The government owned nationwide television and radio networks. However, the president's privately-owned television and radio station, MBS, also had national coverage, which in some cases extended to areas not covered by the public networks. Applications from other private television stations for nationwide coverage were suspended by the Ministry of Telecommunications, Post, and Communications at year's end while the ministry was completing technical tests for a nationwide broadcast via satellite. In addition, there were approximately 232 radio stations, 137 of which were legally licensed, and 29 television stations, 20 of which were legally licensed. International media were allowed to operate freely.
Reporters Sans Frontieres' annual world press freedom report indicated that the country's performance improved substantially during the year due to a generally calm year. Nevertheless, there were occasional reports that journalists were subject to arrest and harassment.
Following the failed coup attempt by General Andrianafidisoa ("General Fidy") 0n November 17, journalists from Radio Don Bosco and TV Plus complained that government officials warned them to stop reporting on General Fidy's actions to avoid inflaming the security situation, or risk being shut down. Additionally, in response to allegedly inaccurate coverage of the coup attempt, President Ravalomanana issued a strong public warning to all journalists and media outlet owners not to publish unchecked news, lest he take action against them. The minister of telecommunications subsequently met with journalists from the Crisis Committee for the Defense of the Press to assure them that they were under no threat from the government. One journalist from a private radio station in Antananarivo was barred by his concerned station chief from reporting until further notice.
On October 7, police reportedly arrested and mistreated Eloi Ravelonjato, despite his journalist badge, in Tamatave at the welcome rally for exiled AREMA leader Pierrot Rajaonarivelo (AREMA is an opposition political party.) Security forces reportedly seized his camera and hit him on the head and neck before taking him away in a truck for questioning. He was released later the same night.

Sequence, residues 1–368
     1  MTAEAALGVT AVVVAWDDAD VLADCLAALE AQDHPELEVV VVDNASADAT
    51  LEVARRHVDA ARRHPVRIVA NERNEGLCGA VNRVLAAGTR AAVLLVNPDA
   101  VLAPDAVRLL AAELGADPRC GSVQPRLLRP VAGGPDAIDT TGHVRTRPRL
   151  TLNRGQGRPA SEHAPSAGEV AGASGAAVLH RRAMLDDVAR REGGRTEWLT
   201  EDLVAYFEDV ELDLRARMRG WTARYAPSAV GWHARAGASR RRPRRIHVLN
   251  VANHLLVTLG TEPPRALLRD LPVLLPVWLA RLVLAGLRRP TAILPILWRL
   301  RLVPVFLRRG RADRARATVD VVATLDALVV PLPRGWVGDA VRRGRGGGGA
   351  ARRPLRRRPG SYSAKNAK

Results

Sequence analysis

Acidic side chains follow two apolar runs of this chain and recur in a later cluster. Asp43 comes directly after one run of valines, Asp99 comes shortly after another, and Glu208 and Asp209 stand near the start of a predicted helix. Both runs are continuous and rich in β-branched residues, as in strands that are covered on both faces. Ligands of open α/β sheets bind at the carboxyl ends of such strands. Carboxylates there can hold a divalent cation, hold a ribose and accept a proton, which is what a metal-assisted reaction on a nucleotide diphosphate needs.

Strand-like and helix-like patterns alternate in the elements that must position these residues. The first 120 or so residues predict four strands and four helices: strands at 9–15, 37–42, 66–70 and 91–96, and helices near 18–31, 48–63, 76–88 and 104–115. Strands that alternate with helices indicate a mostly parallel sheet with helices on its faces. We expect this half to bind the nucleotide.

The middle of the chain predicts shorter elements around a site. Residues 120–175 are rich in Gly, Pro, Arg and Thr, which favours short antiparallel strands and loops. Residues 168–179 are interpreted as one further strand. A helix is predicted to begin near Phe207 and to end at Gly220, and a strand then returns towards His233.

Radio Say in Toliara, shut down by the government in 2004, remained closed.
In general media were active and expressed a wide variety of views. However, some journalists working for public media refrained from criticizing the government, and others working for private media were expected to follow the political line of the station owner. There were reports that one journalist working for a privately-owned radio station in Fort Dauphin was not permitted to criticize the government, as the station owner supported the administration.
Government agencies, private companies, and political parties sometimes bribed journalists, who generally received minimum or below minimum wages, to ensure positive coverage of certain events.
Unlike in the previous year, there were no reports that the government detained journalists on libel charges.
The government continued to deny a resident visa to Radio France International correspondent Olivier Peguy, who had criticized the Ravalomanana government's actions during the 2002 political crisis. In June 2005 the international NGO Committee to Protect Journalists sent an open letter to President Ravalomanana urging the government to reissue Peguy's visa, with no response. Radio France International assigned another correspondent to the country.
There were no government restrictions on access to the Internet or reports that the government monitored e-mail or Internet chatrooms. Individuals and groups could engage in the peaceful expression of views via the Internet, including by electronic mail. Public access to the Internet was limited mainly to urban areas; modern technology and the necessary infrastructure were generally absent in rural areas.
Academic Freedom and Cultural Events
There were no government restrictions on academic freedom or cultural events.
b. Freedom of Peaceful Assembly and Association
Freedom of Assembly
The constitution and law provide for freedom of assembly, but the government at times limited this right. There were reports from different parts of the country that opposition members could not obtain permits to hold public rallies in specific locations, such as stadiums. The mayor of Antananarivo banned all political street demonstrations, citing the need to preserve the city's infrastructure. Police forcibly dispersed several demonstrations during the year, which resulted in one death, several injuries, and numerous arrests.
In the run-up to the presidential election, there were media reports from opposition candidates that their attempts to organize public meetings were sometimes impeded. On May 21, opposition member Herizo Razafimahaleo reported that local government officials indirectly impeded his ability to gather his supporters by closing the pre-designated meeting location, even after he had obtained official permission to hold the meeting there. On the same day, the television program at which he was slated to speak was reportedly cancelled because of "technical problems."
On October 7, police and gendarmes beat and arrested demonstrators rallying at the Tamatave airport for the return of exiled political leader Pierrot Rajanarivelo. Nirilala Antonio Rakotondralambo, who was among six demonstrators arrested at the protests, died several days later. According to some reports, his death resulted from security force blows sustained during his arrest. In response to this allegation, the minister of public security conceded that Rakotondralambo may have sustained "some minor blows" when security forces were trying to contain the protesters, but stated that Rakotondralambo had signed a statement upon his release affirming that he had not been tortured during his detention, and he had returned to work for the two days prior to his death. Local observers considered it likely that the release statement was probably obtained without coercion.